Hope No. 1: Watching the three vulnerabilities:

My first hope is that every person who needs to work for the next two years or longer will realize that he or she is a jobseeker. Even if they just landed a great job.

Along with this is the hope that every person who wants to earn a living will be on watch for the three vulnerabilities that may threaten his or her ability to earn an income. My hope is that they will diligently watch these three areas and avoid becoming one of the unemployed people who say, “I should have seen it coming.” Again, my concern includes those who are currently working and those who are unemployed.


Starting at the ground level: Jobs are vulnerable. They are fluid and that makes employment fluid. By this, I mean that jobs come and go. The economic landscape changes so rapidly that businesses are scrambling to keep up and stay relevant to their customers. That, in turn, means that the employment opportunities within a company are in constant churn. They come and they go. They are fluid.

New technology is eliminating jobs. I’m sure you know that.

One example is banking. How many jobs were eliminated by the ATM machine. Today, I don’t need to go to the bank to deposit checks anymore. I can scan it right from my smart phone to the bank and into my bank account.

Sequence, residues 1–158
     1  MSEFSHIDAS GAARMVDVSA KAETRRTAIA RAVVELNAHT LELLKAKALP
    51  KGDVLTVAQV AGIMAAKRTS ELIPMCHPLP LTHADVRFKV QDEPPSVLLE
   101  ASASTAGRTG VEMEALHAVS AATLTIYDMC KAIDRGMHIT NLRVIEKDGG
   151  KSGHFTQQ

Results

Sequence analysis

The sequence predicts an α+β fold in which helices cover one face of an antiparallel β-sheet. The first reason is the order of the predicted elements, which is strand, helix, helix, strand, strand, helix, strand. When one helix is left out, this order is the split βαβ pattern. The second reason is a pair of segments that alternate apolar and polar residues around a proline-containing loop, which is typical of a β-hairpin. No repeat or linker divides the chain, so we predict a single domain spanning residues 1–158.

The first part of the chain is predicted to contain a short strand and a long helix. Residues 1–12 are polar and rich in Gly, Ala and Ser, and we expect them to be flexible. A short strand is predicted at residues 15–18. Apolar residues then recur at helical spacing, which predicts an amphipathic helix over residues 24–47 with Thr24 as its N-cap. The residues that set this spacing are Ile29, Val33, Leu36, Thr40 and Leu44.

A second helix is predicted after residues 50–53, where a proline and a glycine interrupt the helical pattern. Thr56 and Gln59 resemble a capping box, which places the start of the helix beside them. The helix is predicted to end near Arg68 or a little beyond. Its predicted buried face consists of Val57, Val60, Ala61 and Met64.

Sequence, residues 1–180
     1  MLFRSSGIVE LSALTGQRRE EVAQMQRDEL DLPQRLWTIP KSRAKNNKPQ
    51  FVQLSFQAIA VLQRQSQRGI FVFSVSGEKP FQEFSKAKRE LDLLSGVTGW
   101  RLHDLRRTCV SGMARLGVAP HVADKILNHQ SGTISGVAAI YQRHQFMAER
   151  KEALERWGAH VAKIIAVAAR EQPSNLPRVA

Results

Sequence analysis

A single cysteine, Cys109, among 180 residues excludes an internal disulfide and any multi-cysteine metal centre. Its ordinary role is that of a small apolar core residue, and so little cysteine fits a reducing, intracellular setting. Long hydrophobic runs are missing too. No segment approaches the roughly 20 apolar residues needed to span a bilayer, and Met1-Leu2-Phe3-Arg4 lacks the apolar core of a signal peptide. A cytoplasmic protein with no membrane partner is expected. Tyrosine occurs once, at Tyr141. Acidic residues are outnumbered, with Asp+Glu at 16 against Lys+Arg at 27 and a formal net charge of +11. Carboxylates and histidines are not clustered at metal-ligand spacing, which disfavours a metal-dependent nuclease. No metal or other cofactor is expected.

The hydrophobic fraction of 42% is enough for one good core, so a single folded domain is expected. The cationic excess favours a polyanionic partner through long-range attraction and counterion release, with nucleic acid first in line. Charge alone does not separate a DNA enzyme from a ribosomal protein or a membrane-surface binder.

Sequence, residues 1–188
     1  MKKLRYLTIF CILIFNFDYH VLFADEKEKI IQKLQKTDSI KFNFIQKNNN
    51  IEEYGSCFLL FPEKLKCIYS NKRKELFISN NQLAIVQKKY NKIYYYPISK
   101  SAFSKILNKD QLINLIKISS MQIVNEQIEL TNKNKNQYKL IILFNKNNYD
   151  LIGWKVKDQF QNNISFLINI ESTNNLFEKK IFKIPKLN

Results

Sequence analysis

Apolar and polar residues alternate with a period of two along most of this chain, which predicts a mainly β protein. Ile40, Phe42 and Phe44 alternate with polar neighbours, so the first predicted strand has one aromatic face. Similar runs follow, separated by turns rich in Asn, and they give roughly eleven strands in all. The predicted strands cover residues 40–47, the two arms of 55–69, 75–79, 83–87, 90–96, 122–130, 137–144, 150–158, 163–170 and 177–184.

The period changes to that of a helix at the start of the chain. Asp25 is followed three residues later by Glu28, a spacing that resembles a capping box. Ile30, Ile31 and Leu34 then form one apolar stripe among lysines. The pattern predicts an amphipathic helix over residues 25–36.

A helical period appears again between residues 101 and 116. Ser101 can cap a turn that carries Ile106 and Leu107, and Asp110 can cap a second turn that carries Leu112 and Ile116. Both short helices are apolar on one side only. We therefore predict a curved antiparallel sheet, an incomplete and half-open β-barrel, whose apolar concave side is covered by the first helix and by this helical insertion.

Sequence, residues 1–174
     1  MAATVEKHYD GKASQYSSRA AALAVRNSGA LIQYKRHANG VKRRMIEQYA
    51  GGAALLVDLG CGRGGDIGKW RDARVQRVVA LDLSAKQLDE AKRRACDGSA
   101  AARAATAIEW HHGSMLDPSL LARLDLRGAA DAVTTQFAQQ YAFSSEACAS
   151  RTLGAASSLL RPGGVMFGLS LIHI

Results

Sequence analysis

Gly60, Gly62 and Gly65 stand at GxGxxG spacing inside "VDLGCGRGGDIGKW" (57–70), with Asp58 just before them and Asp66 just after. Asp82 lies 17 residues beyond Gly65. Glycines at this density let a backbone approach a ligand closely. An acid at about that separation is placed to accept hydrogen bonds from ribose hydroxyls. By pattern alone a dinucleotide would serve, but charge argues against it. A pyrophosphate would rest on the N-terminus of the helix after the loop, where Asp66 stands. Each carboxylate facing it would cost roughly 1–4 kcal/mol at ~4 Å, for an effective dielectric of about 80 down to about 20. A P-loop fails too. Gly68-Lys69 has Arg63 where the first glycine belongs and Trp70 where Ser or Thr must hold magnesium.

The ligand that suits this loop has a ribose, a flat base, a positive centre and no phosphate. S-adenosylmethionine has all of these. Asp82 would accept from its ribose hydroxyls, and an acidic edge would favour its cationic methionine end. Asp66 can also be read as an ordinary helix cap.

Businesses, companies, large corporations

The next level up is the business itself. Large corporations are no longer the safe haven they were even five years ago. Truly, they aren’t able to move quick enough to stay current with new technologies. Even if they can keep up, those new technologies are causing rapid job elimination and change. Many businesses simply can’t keep up.

Almost everything is done by the numbers.

Here’s an example. Let’s say I want to get a loan; perhaps for my business, or for a home expansion. I go to the bank and talk to my banker. I’ve known him for over 20 years. I’ve borrowed money several times and always paid off the loans on time or even early. He knows me and he knows my history. But that won’t matter. Because when the decision is made about my requested loan, it will be done by the numbers: income vs assets, collateral, etc.

Let’s say a company owes me money for services. If that company goes out of business, the long-time relationship I had with the owner will not be honored. It isn’t about relationship. It’s about the numbers. Technology crunches those numbers, eliminates the need for relationships in the decision-making process and those jobs are no longer needed.

Honestly, I’m wary of businesses that are still slogging through the process to create five-year plans! Long and short-term goals make sense today, but a five-year plan…I’m skeptical.


Entire industries are shutting down.

A few examples include Appliance Repair, Game & Video Rentals, Money market and other banking, and Newspaper publishing. This article also sites multiple manufacturing areas that the author calls a “dying industry.” The list includes Recordable media, Hardware (metal hinges and the like), shoes and footwear, team uniforms, women’s and girl’s apparel.